one of the best things about finding a really good new album is that it makes you think of others that you know of with similar qualities. I’m pretty happy with what I wrote about Torres after a day’s listening, but it is a really astounding and outstanding album. here are three more that it reminds me of and that I think match up to it -
American Steel - Jagged Thoughts [sp]: this is one of my favourite punk records of the current century, but what I specifically like about it and Torres is how ‘big’ they seem; raw music polished up with beautiful production, heart-on-sleeve emotiveness reaching for grand gestures, a sound so good that it induces aural Stendhal syndrome. All terribly subjective, of course, and why I’m relatively alone in ranking Jagged Thoughts as one of the punk highlights of the 00s, but I still don’t know how you can listen to 'Shrapnel' and not feel the same way. The same intensity and beauty is omnipresent on Torres, and although the sole comparable rocker is ‘When Winter’s Over’ its warming, hyper-melodic guitar tone is worthy of Jagged Thoughts' punk-pop circling riffage. And as it is that album's 'bounce', its extra pop flourishes, that make it great, so it is with Torres' vibrant aural fabric.
Valerie Francis - Slow Dynamo [sp]: I meant to include this in the last post, since it was one of the most immediate comparisons that came to mind in the slower sections of Torres, and of course a superb album in its own right. An Irish artist who is also a sound engineer by profession (I’m pretty sure I’ve seen her behind the mixing desk at a few gigs in Dublin, including Xiu Xiu) this album is a wonderful mixture of acoustic and electronic instrumentation, verging on the sounds of musique concrète at times, and familiar to some as it shares a co-producer (Jimmy Eadie) with Si Schroeder’s wonderful Coping Mechanisms. But Slow Dynamo has a style all of its own, vocals and atmospherics mixing together to form a captivating and at times even surreal aural landscape. The video for ‘Punches’ is also a stunning visual introduction to the album.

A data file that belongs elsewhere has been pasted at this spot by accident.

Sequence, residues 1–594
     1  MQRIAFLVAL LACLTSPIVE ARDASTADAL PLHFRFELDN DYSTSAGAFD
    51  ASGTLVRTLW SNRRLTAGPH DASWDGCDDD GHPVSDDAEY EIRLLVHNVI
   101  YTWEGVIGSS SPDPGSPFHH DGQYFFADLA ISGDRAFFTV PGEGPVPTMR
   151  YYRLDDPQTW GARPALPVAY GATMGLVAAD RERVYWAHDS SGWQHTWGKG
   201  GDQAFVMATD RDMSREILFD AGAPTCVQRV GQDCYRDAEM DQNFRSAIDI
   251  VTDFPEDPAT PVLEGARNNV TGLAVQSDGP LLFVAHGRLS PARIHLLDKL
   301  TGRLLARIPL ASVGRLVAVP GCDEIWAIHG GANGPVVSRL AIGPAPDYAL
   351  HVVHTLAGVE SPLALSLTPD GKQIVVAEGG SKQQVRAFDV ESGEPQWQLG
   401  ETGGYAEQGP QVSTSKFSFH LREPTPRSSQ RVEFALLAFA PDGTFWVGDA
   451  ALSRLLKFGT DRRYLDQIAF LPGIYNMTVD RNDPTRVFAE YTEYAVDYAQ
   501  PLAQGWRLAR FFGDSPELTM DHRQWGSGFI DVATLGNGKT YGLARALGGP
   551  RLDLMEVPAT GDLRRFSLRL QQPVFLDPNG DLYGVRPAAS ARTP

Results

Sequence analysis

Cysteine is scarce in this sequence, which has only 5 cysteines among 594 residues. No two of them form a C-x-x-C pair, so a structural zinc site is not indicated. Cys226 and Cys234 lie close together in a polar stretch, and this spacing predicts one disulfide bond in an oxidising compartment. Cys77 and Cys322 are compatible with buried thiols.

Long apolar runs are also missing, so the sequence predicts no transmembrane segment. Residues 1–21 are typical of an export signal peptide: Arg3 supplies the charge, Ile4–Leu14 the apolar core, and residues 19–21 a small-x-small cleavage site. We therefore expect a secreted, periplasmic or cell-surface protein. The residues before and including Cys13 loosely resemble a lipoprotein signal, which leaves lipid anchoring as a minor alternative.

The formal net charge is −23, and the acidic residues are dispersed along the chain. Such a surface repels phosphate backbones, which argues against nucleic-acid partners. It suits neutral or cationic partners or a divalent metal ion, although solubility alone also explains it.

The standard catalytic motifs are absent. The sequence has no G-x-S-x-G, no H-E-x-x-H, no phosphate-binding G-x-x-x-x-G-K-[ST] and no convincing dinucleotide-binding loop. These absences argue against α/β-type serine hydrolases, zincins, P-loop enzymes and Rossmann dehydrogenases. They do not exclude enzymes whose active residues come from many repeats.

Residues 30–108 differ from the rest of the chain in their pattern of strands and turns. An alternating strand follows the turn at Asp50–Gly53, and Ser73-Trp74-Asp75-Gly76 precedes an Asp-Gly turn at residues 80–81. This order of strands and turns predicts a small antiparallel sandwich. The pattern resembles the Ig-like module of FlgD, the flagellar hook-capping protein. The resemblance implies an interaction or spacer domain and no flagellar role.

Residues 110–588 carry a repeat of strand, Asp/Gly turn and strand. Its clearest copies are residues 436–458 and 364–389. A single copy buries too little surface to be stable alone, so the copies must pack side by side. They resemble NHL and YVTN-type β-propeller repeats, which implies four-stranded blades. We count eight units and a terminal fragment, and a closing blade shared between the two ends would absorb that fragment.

David Grubbs - An Optimist Notes the Dusk [label]: The guitar tone is, as I say, one of the things I most love about Torres, along with its sense of space. I’ll admit that EMA and Torres aren’t actually slowcore, if anyone can even ‘be’ a genre by mere sonic association - they are languid but not disruptive enough to fit the broken meanderings of say, Codeine or the dizzying heights of Slint. Yet there is that feeling of guitar as an instrument of atmosphere to be stretched out and weighed down in its emotional potencies, or to burst through in the clarion purity of its natural, vocal sympathy. David Grubbs is I think the best guitar player I’ve ever seen play live, at an intimate-type show in Whelan’s with “candles in little glass jars, jazz-club style, and beermats on the table”, in a set that was more varied than I had expected. An Optimist Notes the Dusk is perhaps a hard album to fall in love with, but it has some amazing guitar work in it - and from Louisville to Nashville isn’t too far.